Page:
More than 32,000 dashcam video recordings of alleged motoring offences were submitted to police forces in just 12 months, an investigation has found.
Data obtained by the RAC found that 32,370 pieces of footage were received by the 24 forces that accepted video evidence from members of the public in 2019.
This was more than double the total of 15,159 during the previous year.
A quarter (25%) of the 2019 submissions resulted in prosecutions.
Police forces are making it increasingly easy for drivers and other road users to submit footage of unsuspecting alleged rule-breakers.
All of Britain’s 44 forces are now accepting the videos, with most allowing this to be done online.
The Metropolitan Police received the most recordings in 2019 with 8,082.
This was followed by Surrey (3,542), West Midlands (3,242) and Gwent (3,037).
Footage covers alleged offences such as dangerous driving, driving too close to cyclists, contravening red traffic lights and illegal use of a handheld mobile phone.
RAC road safety spokesman Simon Williams said: “Even before the decline in the number of roads police enforcing traffic offences, law-abiding drivers were often frustrated that there was never an officer there to deal with infringements they witnessed.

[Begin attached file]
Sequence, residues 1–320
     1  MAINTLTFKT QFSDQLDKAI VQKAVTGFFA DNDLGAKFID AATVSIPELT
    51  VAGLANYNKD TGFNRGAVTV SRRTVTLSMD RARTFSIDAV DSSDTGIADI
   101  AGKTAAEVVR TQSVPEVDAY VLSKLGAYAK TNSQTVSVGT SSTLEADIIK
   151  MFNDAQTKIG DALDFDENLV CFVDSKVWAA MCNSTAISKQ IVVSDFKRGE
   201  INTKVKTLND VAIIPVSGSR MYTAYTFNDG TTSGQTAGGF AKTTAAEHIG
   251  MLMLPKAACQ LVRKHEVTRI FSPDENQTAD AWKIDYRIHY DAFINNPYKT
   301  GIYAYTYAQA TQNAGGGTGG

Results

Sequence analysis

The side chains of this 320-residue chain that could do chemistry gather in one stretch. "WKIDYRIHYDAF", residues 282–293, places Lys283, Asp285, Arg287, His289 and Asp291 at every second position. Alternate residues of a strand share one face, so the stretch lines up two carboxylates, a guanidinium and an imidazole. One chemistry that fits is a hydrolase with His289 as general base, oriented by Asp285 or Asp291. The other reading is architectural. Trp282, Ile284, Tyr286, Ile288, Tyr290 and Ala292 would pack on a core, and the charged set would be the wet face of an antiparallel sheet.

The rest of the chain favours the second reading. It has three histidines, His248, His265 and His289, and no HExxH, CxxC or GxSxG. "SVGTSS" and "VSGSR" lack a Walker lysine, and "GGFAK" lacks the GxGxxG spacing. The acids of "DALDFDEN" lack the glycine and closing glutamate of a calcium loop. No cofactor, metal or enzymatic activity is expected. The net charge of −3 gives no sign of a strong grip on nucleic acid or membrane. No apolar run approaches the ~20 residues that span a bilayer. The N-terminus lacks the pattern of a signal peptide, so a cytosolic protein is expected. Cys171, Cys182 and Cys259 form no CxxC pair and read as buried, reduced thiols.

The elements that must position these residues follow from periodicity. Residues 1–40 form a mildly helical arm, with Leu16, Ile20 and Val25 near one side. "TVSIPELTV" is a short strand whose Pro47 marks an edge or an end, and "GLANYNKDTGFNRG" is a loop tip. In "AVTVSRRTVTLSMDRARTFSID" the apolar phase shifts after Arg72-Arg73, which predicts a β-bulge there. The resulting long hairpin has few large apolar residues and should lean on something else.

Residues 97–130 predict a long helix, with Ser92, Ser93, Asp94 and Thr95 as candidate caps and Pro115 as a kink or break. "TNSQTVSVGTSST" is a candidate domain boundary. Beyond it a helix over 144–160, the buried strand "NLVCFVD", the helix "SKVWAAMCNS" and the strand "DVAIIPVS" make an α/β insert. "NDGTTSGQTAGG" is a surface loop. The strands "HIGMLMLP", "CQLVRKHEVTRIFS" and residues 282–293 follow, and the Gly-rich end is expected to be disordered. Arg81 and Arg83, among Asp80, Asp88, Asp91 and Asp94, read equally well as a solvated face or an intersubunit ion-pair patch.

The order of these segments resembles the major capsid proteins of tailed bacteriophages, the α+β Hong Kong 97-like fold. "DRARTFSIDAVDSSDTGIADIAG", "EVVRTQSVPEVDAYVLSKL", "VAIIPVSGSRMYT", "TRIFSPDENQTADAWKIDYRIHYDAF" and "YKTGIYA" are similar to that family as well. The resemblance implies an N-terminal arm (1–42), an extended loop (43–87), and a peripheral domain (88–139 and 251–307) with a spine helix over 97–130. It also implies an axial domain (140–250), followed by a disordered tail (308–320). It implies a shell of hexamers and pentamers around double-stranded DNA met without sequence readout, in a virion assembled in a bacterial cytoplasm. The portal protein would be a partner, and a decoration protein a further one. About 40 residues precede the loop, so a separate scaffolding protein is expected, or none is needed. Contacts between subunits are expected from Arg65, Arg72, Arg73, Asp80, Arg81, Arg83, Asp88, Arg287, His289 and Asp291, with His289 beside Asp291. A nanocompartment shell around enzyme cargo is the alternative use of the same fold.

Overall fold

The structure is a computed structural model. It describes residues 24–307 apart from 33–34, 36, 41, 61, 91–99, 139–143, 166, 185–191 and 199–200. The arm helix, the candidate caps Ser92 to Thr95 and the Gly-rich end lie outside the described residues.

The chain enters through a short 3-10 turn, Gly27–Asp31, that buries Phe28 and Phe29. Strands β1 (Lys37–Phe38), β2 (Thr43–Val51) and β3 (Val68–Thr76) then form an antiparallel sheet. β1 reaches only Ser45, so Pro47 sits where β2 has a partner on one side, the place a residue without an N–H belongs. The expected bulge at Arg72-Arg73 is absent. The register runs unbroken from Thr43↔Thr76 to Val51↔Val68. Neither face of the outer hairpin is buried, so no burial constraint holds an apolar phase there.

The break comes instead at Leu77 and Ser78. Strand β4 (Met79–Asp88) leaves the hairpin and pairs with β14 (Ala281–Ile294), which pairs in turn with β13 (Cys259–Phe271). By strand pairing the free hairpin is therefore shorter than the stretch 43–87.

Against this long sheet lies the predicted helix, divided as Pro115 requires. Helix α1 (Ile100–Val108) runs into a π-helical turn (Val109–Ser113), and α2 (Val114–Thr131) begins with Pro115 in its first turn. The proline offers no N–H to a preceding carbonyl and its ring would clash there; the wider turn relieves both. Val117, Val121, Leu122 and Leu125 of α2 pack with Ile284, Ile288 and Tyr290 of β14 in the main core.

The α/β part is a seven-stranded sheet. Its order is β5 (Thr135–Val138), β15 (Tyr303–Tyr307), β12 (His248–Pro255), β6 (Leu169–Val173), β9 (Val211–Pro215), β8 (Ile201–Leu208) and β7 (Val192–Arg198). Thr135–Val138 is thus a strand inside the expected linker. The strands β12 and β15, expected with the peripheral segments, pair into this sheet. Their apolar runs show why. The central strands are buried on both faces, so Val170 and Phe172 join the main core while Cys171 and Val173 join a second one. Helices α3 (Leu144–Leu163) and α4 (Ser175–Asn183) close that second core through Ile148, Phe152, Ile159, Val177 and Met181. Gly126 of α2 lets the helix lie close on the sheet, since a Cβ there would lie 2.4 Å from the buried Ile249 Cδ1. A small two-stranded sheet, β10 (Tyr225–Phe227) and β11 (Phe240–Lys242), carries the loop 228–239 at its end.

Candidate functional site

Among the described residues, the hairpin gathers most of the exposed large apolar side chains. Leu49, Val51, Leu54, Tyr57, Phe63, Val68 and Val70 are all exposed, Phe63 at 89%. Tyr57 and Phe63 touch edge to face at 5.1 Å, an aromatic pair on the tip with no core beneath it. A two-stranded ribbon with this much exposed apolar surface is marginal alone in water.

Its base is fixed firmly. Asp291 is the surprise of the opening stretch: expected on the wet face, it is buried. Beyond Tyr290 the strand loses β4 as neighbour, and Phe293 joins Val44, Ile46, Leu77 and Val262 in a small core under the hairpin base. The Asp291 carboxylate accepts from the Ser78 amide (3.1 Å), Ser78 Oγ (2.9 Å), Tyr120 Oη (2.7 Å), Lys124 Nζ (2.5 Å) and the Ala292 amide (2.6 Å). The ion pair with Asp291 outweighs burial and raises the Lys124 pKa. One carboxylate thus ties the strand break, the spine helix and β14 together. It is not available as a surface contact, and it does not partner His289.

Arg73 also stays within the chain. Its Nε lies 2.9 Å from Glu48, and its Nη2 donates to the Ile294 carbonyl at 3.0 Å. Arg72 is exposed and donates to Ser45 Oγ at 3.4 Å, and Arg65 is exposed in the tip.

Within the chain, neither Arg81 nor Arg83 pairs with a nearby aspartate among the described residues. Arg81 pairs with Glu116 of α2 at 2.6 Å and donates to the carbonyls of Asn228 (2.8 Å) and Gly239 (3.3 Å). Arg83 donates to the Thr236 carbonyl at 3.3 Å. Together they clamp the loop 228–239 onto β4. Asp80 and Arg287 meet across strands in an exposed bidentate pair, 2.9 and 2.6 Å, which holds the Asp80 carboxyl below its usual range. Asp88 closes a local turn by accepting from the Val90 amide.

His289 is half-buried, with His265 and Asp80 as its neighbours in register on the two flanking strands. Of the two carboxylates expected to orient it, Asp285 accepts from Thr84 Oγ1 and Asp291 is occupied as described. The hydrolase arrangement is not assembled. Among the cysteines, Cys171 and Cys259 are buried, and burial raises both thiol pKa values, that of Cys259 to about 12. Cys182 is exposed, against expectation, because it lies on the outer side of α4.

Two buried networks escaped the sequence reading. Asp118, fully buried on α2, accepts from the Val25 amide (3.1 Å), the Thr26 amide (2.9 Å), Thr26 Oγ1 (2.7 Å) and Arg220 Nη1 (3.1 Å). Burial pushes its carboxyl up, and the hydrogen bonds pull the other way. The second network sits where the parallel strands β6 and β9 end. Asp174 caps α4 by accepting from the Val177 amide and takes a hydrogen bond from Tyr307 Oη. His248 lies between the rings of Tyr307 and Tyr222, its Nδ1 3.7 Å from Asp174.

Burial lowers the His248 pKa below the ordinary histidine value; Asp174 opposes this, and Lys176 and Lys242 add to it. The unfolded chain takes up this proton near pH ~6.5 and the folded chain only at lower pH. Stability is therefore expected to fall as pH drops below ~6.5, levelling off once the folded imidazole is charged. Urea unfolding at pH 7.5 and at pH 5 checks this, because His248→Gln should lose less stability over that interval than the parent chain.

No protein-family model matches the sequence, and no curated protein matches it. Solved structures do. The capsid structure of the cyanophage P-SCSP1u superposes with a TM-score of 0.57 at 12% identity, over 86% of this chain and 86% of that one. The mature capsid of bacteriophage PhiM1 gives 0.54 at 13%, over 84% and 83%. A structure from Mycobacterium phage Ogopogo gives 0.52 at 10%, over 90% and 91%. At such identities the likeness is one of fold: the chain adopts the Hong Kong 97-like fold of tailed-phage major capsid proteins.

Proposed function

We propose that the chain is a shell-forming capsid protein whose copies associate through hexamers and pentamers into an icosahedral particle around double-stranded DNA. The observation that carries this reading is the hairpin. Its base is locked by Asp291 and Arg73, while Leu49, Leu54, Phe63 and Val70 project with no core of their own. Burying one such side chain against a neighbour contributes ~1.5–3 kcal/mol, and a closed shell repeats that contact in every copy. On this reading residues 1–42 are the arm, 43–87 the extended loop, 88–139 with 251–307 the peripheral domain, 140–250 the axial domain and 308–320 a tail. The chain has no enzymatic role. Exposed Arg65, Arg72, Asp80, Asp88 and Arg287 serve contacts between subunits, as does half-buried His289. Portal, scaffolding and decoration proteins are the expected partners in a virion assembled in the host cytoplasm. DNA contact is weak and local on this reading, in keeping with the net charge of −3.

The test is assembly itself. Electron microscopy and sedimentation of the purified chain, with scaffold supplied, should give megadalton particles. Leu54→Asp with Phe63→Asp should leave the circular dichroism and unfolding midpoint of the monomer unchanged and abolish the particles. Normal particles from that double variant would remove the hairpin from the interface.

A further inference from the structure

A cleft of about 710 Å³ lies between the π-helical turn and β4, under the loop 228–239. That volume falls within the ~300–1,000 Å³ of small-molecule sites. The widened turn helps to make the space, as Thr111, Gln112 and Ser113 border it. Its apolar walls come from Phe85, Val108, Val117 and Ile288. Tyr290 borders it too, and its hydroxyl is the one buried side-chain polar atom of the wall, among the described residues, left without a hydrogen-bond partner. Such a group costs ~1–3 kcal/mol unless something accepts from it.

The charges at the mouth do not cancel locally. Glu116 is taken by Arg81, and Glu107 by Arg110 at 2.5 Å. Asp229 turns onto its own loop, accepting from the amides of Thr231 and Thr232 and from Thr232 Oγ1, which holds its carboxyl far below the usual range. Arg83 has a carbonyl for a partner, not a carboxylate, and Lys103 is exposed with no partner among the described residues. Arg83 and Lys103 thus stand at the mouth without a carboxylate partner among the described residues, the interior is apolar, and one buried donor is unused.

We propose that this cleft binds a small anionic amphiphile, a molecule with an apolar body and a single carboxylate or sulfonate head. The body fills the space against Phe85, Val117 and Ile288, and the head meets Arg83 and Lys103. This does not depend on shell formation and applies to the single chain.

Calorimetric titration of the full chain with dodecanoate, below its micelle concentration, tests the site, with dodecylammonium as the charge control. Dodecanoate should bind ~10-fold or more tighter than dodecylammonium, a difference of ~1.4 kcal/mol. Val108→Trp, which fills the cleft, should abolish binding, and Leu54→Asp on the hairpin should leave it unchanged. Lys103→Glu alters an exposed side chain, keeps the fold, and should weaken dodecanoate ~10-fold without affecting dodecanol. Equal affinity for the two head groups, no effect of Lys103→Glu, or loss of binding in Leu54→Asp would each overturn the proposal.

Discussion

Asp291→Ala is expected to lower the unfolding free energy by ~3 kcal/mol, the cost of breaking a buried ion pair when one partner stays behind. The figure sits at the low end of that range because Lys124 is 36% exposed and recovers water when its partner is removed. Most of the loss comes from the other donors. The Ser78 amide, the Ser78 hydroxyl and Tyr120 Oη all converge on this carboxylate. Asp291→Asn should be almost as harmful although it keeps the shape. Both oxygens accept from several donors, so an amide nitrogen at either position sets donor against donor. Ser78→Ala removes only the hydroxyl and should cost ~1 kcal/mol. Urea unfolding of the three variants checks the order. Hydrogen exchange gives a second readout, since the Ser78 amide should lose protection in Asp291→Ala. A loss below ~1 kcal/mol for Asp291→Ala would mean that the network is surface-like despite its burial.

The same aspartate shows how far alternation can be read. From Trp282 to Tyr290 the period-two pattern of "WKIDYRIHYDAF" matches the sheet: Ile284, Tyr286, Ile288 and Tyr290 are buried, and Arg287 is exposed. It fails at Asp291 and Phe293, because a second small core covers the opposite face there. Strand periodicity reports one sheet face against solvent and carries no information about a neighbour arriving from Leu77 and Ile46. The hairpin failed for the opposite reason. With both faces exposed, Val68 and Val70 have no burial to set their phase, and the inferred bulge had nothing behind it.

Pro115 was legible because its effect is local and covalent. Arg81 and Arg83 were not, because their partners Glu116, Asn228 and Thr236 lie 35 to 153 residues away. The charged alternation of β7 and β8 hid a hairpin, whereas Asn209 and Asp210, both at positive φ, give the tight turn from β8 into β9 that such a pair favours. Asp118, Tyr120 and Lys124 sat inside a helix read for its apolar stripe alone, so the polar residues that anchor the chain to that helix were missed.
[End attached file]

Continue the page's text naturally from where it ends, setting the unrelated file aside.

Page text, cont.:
“The advent of dashcams, phones with cameras and helmet cameras have been a game changer as drivers can now easily submit footage to almost every police force.
“As so many drivers and cyclists are now using dashcams and helmet cameras every road user needs to be very conscious that any of their actions that aren’t in accordance with the law could end up with the police.
“Some will inevitably find this out the hard way while others will hopefully become increasingly mindful of it.”